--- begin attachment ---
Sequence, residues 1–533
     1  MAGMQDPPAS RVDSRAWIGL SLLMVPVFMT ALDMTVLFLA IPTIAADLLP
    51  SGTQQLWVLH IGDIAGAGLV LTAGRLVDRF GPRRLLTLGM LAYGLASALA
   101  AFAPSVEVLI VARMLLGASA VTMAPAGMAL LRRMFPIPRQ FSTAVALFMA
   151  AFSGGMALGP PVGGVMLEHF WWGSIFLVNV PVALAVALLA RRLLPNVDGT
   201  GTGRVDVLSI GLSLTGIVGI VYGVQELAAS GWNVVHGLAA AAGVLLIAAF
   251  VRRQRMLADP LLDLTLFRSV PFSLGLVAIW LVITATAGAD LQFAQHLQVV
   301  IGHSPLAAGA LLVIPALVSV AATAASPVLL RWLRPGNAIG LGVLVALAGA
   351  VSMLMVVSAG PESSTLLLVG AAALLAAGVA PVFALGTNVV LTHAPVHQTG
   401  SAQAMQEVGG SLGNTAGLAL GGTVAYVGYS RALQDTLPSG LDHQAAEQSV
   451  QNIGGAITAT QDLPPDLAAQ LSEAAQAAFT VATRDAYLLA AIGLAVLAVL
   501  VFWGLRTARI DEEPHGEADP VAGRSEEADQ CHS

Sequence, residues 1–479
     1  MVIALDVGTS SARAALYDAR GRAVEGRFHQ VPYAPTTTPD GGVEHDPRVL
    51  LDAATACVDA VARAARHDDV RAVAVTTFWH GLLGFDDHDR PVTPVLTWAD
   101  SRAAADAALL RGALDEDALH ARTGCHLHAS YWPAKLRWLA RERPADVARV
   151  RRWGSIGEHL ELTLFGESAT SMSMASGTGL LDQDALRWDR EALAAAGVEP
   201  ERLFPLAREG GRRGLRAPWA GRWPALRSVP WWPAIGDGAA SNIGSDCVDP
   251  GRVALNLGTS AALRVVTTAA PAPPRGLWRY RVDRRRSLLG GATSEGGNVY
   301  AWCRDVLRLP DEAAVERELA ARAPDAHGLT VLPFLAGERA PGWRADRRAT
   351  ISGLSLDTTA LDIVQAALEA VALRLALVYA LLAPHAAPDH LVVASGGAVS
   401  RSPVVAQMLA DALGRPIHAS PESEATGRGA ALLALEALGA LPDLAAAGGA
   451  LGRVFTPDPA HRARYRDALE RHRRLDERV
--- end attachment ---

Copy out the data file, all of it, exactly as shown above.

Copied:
Sequence, residues 1–533
     1  MAGMQDPPAS RVDSRAWIGL SLLMVPVFMT ALDMTVLFLA IPTIAADLLP
    51  SGTQQLWVLH IGDIAGAGLV LTAGRLVDRF GPRRLLTLGM LAYGLASALA
   101  AFAPSVEVLI VARMLLGASA VTMAPAGMAL LRRMFPIPRQ FSTAVALFMA
   151  AFSGGMALGP PVGGVMLEHF WWGSIFLVNV PVALAVALLA RRLLPNVDGT
   201  GTGRVDVLSI GLSLTGIVGI VYGVQELAAS GWNVVHGLAA AAGVLLIAAF
   251  VRRQRMLADP LLDLTLFRSV PFSLGLVAIW LVITATAGAD LQFAQHLQVV
   301  IGHSPLAAGA LLVIPALVSV AATAASPVLL RWLRPGNAIG LGVLVALAGA
   351  VSMLMVVSAG PESSTLLLVG AAALLAAGVA PVFALGTNVV LTHAPVHQTG
   401  SAQAMQEVGG SLGNTAGLAL GGTVAYVGYS RALQDTLPSG LDHQAAEQSV
   451  QNIGGAITAT QDLPPDLAAQ LSEAAQAAFT VATRDAYLLA AIGLAVLAVL
   501  VFWGLRTARI DEEPHGEADP VAGRSEEADQ CHS

Sequence, residues 1–479
     1  MVIALDVGTS SARAALYDAR GRAVEGRFHQ VPYAPTTTPD GGVEHDPRVL
    51  LDAATACVDA VARAARHDDV RAVAVTTFWH GLLGFDDHDR PVTPVLTWAD
   101  SRAAADAALL RGALDEDALH ARTGCHLHAS YWPAKLRWLA RERPADVARV
   151  RRWGSIGEHL ELTLFGESAT SMSMASGTGL LDQDALRWDR EALAAAGVEP
   201  ERLFPLAREG GRRGLRAPWA GRWPALRSVP WWPAIGDGAA SNIGSDCVDP
   251  GRVALNLGTS AALRVVTTAA PAPPRGLWRY RVDRRRSLLG GATSEGGNVY
   301  AWCRDVLRLP DEAAVERELA ARAPDAHGLT VLPFLAGERA PGWRADRRAT
   351  ISGLSLDTTA LDIVQAALEA VALRLALVYA LLAPHAAPDH LVVASGGAVS
   401  RSPVVAQMLA DALGRPIHAS PESEATGRGA ALLALEALGA LPDLAAAGGA
   451  LGRVFTPDPA HRARYRDALE RHRRLDERV